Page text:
Every year, the Internal Revenue Service announces cost-of-living adjustments that affect contribution limits for retirement plans, thresholds for deductions and credits, and standard deduction and personal exemption amounts. Here are a few of the key adjustments for 2018.
Employer retirement plans
- Employees who participate in 401(k), 403(b), and most 457 plans can defer up to $18,500 in compensation in 2018 (up from $18,000 in 2017); employees age 50 and older can defer up to an additional $6,000 in 2018 (the same as in 2017).
- Employees participating in a SIMPLE retirement plan can defer up to $12,500 in 2018 (the same as in 2017), and employees age 50 and older can defer up to an additional $3,000 in 2018 (the same as in 2017).
The limit on annual contributions to an IRA remains unchanged at $5,500 in 2018, with individuals age 50 and older able to contribute an additional $1,000. For individuals who are covered by a workplace retirement plan, the deduction for contributions to a traditional IRA is phased out for the following modified adjusted gross income (AGI) ranges:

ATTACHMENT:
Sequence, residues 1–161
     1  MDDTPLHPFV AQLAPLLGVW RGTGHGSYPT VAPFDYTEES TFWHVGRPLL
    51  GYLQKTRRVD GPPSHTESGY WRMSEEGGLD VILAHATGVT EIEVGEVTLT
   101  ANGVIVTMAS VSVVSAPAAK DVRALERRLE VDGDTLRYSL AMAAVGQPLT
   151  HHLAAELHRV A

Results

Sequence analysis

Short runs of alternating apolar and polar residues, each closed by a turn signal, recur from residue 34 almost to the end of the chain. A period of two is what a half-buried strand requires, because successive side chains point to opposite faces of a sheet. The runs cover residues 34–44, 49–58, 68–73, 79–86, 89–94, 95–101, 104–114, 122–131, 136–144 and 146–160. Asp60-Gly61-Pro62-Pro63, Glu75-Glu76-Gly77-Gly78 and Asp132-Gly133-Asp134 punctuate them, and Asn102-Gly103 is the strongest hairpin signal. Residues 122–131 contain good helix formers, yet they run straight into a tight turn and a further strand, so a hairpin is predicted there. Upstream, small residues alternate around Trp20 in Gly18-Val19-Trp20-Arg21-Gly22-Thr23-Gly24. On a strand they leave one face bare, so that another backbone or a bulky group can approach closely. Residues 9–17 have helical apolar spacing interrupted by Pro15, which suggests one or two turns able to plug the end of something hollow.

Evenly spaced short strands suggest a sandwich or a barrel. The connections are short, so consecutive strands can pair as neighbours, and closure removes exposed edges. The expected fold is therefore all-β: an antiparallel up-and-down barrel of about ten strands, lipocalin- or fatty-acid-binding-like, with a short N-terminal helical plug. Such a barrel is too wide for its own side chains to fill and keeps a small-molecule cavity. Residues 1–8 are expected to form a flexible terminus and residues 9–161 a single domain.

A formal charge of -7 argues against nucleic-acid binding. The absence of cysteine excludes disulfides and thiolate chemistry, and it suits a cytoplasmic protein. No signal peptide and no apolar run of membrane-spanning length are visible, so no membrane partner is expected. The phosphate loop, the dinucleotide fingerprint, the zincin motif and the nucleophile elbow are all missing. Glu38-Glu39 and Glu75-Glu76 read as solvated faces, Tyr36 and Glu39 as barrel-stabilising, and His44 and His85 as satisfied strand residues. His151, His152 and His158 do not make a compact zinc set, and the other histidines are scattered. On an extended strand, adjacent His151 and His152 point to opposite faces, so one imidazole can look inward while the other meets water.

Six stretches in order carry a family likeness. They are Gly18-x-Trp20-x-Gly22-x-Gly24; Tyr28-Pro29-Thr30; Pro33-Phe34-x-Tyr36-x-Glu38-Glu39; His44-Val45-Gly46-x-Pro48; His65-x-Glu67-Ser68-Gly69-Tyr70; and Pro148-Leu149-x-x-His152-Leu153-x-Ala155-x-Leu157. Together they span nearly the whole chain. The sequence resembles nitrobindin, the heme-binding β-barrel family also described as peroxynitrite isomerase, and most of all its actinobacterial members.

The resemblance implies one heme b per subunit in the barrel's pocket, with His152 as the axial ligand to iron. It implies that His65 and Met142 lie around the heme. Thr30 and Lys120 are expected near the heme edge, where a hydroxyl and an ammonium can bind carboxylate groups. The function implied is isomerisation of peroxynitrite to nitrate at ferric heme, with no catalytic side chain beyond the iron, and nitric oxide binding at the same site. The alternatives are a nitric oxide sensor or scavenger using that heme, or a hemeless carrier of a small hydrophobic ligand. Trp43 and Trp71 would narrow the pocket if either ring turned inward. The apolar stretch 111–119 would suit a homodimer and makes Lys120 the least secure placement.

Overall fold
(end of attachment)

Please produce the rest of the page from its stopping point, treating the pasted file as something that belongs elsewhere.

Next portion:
The 2018 phaseout range is $189,000 – $199,000 (up from $186,000 – $196,000 in 2017) when the individual making the IRA contribution is not covered by a workplace retirement plan but is filing jointly with a spouse who is covered.
The modified AGI phaseout ranges for individuals to make contributions to a Roth IRA are:
Estate and gift tax
- The annual gift tax exclusion for 2018 is $15,000, up from $14,000 in 2017.
- The gift and estate tax basic exclusion amount for 2018 is $11,200,000, up from $5,490,000 in 2017.
There is no personal exemption amount for 2018; it was $4,050 in 2017. For 2018, there is no phase-out of personal exemptions or overall limit on itemized deductions once AGI exceeds certain thresholds.
For 2017, personal exemptions were phased out and itemized deductions were limited once AGI exceeded $261,500 (single), $287,650 (HOH), $313,800 (MFJ), or $156,900 (MFS).
These amounts have been adjusted as follows:
The additional standard deduction amount for the blind or aged (age 65 or older) in 2018 is $1,600 (up from $1,550 in 2017) for single/HOH or $1,300 (up from $1,250 in 2017) for all other filing statuses. Special rules apply if you can be claimed as a dependent by another taxpayer.
Alternative minimum tax (AMT)